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Whether the institution of this sacrament was appropriate?

Objection 1: It seems that the institution of this sacrament was not appropriate, because as the Philosopher says (De Gener. ii): "We are nourished by the things from whence we spring." But by Baptism, which is spiritual regeneration, we receive our spiritual being, as Dionysius says (Eccl. Hier. ii). Therefore we are also nourished by Baptism. Consequently there was no need to institute this sacrament as spiritual nourishment.

Objection 2: Further, men are united with Christ through this sacrament as the members with the head. But Christ is the Head of all men, even of those who have existed from the beginning of the world, as stated above (Q[8], AA[3],6). Therefore the institution of this sacrament should not have been postponed till the Lord's supper.

Objection 3: Further, this sacrament is called the memorial of our Lord's Passion, according to Mat. 26 (Lk. 22:19): "Do this for a commemoration of Me." But a commemoration is of things past. Therefore, this sacrament should not have been instituted before Christ's Passion.

Objection 4: Further, a man is prepared by Baptism for the Eucharist, which ought to be given only to the baptized. But Baptism was instituted by Christ after His Passion and Resurrection, as is evident from Mat. 28:19. Therefore, this sacrament was not suitably instituted before Christ's Passion.

On the contrary, This sacrament was instituted by Christ, of Whom it is said (Mk. 7:37) that "He did all things well."

I answer that, This sacrament was appropriately instituted at the supper, when Christ conversed with His disciples for the last time. First of all, because of what is contained in the sacrament: for Christ is Himself contained in the Eucharist sacramentally. Consequently, when Christ was going to leave His disciples in His proper species, He left Himself with them under the sacramental species; as the Emperor's image is set up to be reverenced in his absence. Hence Eusebius says: "Since He was going to withdraw His assumed body from their eyes, and bear it away to the stars, it was needful that on the day of the supper He should consecrate the sacrament of His body and blood for our sakes, in order that what was once offered up for our ransom should be fittingly worshiped in a mystery."

Secondly, because without faith in the Passion there could never be any salvation, according to Rom. 3:25: "Whom God hath proposed to be a propitiation, through faith in His blood." It was necessary accordingly that there should be at all times among men something to show forth our Lord's Passion; the chief sacrament of which in the old Law was the Paschal Lamb. Hence the Apostle says (1 Cor. 5:7): "Christ our Pasch is sacrificed." But its successor under the New Testament is the sacrament of the Eucharist, which is a remembrance of the Passion now past, just as the other was figurative of the Passion to come. And so it was fitting that when the hour of the Passion was come, Christ should institute a new Sacrament after celebrating the old, as Pope Leo I says (Serm. lviii).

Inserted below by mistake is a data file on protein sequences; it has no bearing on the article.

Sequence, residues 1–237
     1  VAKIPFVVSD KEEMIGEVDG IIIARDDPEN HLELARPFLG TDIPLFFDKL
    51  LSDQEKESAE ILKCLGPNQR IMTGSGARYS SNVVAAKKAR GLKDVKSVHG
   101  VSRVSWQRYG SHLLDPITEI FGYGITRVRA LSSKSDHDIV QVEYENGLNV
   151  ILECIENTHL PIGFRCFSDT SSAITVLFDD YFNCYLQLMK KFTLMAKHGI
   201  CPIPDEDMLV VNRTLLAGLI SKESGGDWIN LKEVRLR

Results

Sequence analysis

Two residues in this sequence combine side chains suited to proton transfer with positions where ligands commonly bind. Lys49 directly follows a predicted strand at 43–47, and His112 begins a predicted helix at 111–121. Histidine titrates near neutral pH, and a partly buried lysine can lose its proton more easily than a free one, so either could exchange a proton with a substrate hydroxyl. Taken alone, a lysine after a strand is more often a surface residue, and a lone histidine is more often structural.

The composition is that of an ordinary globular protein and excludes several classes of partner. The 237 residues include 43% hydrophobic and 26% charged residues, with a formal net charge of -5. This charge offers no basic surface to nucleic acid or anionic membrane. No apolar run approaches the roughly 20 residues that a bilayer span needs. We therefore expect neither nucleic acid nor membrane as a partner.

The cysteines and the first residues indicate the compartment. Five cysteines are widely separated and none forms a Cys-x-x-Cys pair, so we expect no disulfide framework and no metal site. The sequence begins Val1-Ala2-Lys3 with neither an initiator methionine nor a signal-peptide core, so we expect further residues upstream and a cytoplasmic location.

Thirdly, because last words, chiefly such as are spoken by departing friends, are committed most deeply to memory; since then especially affection for friends is more enkindled, and the things which affect us most are impressed the deepest in the soul. Consequently, since, as Pope Alexander I says, "among sacrifices there can be none greater than the body and blood of Christ, nor any more powerful oblation"; our Lord instituted this sacrament at His last parting with His disciples, in order that it might be held in the greater veneration. And this is what Augustine says (Respons. ad Januar. i): "In order to commend more earnestly the death of this mystery, our Saviour willed this last act to be fixed in the hearts and memories of the disciples whom He was about to quit for the Passion."

Reply to Objection 1: We are nourished from the same things of which we are made, but they do not come to us in the same way; for those out of which we are made come to us through generation, while the same, as nourishing us, come to us through being eaten. Hence, as we are new-born in Christ through Baptism, so through the Eucharist we eat Christ.

Reply to Objection 2: The Eucharist is the perfect sacrament of our Lord's Passion, as containing Christ crucified; consequently it could not be instituted before the Incarnation; but then there was room for only such sacraments as were prefigurative of the Lord's Passion.

Reply to Objection 3: This sacrament was instituted during the supper, so as in the future to be a memorial of our Lord's Passion as accomplished. Hence He said expressively: "As often as ye shall do these things" [*Cf. Canon of the Mass], speaking of the future.

Reply to Objection 4: The institution responds to the order of intention. But the sacrament of the Eucharist, although after Baptism in the receiving, is yet previous to it in intention; and therefore it behooved to be instituted first. or else it can be said that Baptism was already instituted in Christ's Baptism; hence some were already baptized with Christ's Baptism, as we read in Jn. 3:22.

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